I'm going to assume that I don't have to explain how extraordinary a lunar eclipse is. In the early hours of the morning, we were treated to something even more special than that! For the first time in over 30 years, a lunar eclipse has fallen on the same date as a super moon. This means that the moon was closer to the Earth and appeared somewhat larger.
I chose to photograph at St Michael's Mount as I will be pointing in a southward direction to the moon. Also, St Michael's Mount is an equally extraordinary location. I've taken pictures there before so look back at my blog posts if you want to learn more and want to see those images. With a flask of hot coffee and two thick jackets, I was prepared for the long night that was ahead of me. After I had got all set up nice and early, there was nothing to do but stop my nose from running and watch the tide come in. I wanted to tide to come up to the causeway because all of the rocks made for an unattractive foreground. It also gave me the chance to collect some timelapse footage that you've probably already watched. The wind started to turn mighty cold and there weren't many places to sit that weren't wet, covered in seaweed or both. There was one other brave soul who even had it in him to explore around the mount itself.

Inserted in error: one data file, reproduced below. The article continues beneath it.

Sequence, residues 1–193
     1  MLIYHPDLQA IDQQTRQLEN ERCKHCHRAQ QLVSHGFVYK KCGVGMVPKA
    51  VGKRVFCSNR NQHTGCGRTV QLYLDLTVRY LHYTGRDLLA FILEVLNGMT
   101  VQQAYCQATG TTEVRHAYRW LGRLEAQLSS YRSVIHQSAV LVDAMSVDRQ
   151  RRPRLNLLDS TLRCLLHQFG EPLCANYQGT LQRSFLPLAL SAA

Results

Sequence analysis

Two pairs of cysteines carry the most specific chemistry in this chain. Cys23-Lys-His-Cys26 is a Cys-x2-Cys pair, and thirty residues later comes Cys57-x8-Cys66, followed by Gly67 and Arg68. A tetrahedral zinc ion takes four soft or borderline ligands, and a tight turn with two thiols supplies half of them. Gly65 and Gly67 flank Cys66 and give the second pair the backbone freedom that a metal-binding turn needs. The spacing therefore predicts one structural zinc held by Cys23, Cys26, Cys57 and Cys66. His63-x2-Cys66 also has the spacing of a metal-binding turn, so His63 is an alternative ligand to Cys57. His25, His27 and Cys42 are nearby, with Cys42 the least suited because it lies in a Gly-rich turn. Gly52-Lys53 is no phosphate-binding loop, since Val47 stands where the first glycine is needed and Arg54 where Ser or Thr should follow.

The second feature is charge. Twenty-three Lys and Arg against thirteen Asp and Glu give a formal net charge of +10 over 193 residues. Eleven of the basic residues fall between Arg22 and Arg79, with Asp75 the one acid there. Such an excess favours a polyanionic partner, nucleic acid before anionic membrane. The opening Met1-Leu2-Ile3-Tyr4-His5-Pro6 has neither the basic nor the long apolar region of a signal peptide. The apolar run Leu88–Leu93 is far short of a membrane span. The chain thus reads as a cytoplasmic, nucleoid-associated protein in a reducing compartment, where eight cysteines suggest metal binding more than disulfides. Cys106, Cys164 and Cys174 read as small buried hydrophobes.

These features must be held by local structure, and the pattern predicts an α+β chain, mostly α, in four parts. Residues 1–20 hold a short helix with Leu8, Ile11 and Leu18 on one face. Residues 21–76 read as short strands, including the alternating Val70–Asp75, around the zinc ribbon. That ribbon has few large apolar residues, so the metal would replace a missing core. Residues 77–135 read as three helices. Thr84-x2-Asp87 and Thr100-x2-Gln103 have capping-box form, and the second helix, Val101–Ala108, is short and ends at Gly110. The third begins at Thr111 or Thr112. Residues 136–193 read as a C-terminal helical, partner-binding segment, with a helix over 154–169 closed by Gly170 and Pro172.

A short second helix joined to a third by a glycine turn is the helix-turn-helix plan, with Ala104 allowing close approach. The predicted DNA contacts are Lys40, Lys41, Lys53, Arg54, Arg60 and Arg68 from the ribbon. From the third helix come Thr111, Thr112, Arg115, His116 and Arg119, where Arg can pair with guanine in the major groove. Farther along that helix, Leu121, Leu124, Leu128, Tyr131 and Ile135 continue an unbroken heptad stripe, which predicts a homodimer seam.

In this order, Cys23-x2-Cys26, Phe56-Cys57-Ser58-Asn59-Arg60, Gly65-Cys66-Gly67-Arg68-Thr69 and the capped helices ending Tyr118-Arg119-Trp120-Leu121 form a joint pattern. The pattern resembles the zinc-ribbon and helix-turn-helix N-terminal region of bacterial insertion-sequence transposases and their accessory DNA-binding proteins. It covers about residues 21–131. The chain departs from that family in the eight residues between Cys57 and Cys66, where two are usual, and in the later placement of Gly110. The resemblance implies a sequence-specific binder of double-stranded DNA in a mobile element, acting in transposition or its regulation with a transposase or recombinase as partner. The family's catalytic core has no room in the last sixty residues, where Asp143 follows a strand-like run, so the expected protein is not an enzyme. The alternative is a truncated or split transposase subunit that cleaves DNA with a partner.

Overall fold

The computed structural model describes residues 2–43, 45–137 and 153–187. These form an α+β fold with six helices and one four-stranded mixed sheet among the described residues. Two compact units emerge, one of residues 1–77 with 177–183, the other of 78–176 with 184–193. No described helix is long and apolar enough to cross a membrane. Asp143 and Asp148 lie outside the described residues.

By 1.45am, one side of the moon began to darken. About an hour later and it had almost completely disappeared. The tide rose quickly and I had to abandon my spot on the causeway. Up the beach I headed and, although I found some more photographers I knew I had a unique shot. Again, the tide came up to our feet surprisingly fast so I retreated to an even safer, but much smellier location whilst I still had time. It wasn't until I was leaving that I noticed hundreds of fast moving bugs running around my feet.
The moon finally disappeared but only when I crank up my exposure did I see a vibrant red colour. I was ecstatic but speechless all at once! What was really hard was nailing the focus on my lens. I worked out a system to take multiple shots at different points in the focus so I knew I had at least one sharp photo. I even tried different lenses and all sorts of different settings. Using a shutter speed longer than 3-4 seconds rendered the moon slightly blurry so I had to find a balance between depth of field and noise from a high ISO. Once I had exhausted all of my ideas, I wondered if it was time to leave. After all, I didn't need to see the moon lit back up... I had just seen one of the most incredible natural phenomenas ever - the super blood moon!
I think it's worth noting that I might've "cheated" a little bit by compositing in the moon after. Editing and composing this photo was a huge challenge and this is the best I could get it!